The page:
Over-capacity, price pressures and carmaker tie-ups, like the one just announced by General Motors and PSA Peugeot Citroen, will likely cast a shadow at the 82nd Geneva International Motor Show this week.
Motoring fans -- amateur enthusiasts and industry professionals alike -- will of course revel in the presence of about 700 automakers at the 10-day event which opens to the public on Thursday.
But the exhibition, the second biggest of the year after the Detroit Auto Show in the United States in January, will not be able to escape the effects of a struggling world economy and over-capacity.
The International Monetary Fund (IMF) has dropped its world growth forecast to 3.3 percent while the eurozone, bogged down in the public debt crisis, even risks plunging into recession.
"Over-capacity, relentless competition and heavy price pressure are compounded by the extremely tough environment with declining consumer and corporate confidence in several European markets," said analysts at ratings agency Fitch.
"Another harsh economic downturn or a persistent weakness in auto sales in Europe is likely to trigger more drastic moves from some selected manufacturers."
Mergers, acquisitions, restructuring and some plant closures cannot be ruled out this year, the agency said, as adverse conditions persist and put further pressure on companies' revenue and profitability.
The health of the industry varies widely across the globe however.
Sales of cars and commercial vehicles are set to grow 7.7 percent this year, according to Standard & Poor's (S&P).
Within this, Asia continues to be the strongest region, with an expected sales growth of 10.9 percent, followed by North America (10.6 percent).
In western Europe sales are meanwhile expected to stagnate at minus 0.4 percent.
For European carmakers the situation is less dramatic than during the 2009 financial crisis, notably for world number two Volkswagen which enjoys almost half its sales in emerging markets.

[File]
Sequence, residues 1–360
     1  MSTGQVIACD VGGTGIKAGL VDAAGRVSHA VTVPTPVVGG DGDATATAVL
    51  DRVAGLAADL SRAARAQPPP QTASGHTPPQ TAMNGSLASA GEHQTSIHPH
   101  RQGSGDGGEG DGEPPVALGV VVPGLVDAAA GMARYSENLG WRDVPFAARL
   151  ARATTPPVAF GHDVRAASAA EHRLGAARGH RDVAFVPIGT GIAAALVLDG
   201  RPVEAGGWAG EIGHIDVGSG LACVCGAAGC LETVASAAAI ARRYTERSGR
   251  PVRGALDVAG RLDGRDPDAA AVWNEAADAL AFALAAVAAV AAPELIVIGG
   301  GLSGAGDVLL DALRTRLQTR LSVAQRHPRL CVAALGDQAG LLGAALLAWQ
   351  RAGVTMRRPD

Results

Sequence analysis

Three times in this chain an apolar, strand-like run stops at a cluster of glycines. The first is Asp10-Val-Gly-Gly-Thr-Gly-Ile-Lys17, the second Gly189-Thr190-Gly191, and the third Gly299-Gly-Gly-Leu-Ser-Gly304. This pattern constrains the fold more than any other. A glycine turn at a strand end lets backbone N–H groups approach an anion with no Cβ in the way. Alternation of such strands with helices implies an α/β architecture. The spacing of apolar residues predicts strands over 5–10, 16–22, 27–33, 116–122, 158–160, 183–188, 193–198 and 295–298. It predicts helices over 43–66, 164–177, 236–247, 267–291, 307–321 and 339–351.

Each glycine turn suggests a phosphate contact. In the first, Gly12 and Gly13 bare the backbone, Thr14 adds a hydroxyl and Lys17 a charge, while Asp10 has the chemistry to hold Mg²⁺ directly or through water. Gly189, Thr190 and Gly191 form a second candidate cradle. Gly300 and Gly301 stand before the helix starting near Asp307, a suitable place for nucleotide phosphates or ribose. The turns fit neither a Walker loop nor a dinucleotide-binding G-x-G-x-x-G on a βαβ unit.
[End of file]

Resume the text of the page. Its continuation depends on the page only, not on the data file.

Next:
The Wolfsburg group hopes to sell three million vehicles in China and one million units in North America from now to 2018, while French firm PSA Peugeot Citroen is equipping itself with a second joint venture in China and plans to open a site in India.
In terms of vehicle registrations in Europe, the picture again varies widely.
France saw a 2.1 percent drop last year in the number of registrations, in Britain the figure went down 4.4 percent and Spain witnesses a hefty 17.7 fall.
In Germany, Europe's economic powerhouse and the region's top car market, sales rose 8.8 percent however.
The situation is weighing on Europe's non-specialist carmakers who are still dependent on the Old Continent, as is the case for PSA Peugeot Citroen.
The world's top carmaker General Motors and the French group announced a new partnership on Wednesday.
For GM, nearly $750 million in European losses marred a record year of profits in 2011, while Peugeot, which sells two-thirds of its vehicles in Europe, saw sales drop 1.5 percent last year and its profit halved.
The concern is also felt over at German firm Opel which is reportedly under pressure from owner GM to reduce its costs or even close factories.
On the other hand premium German carmakers like Mercedes-Benz, part of the Daimler group, and BMW, along with Ferrari, which is owned by Fiat, and Porsche in the luxury market, are smiling thanks to the hungry appetite of emerging countries.
The new Porsche Boxter and Ferrari F620 are indeed among the 140 vehicles making their debut at the Geneva Motor Show which, despite the difficulties facing the industry, remains a dream factory for petrol heads everywhere.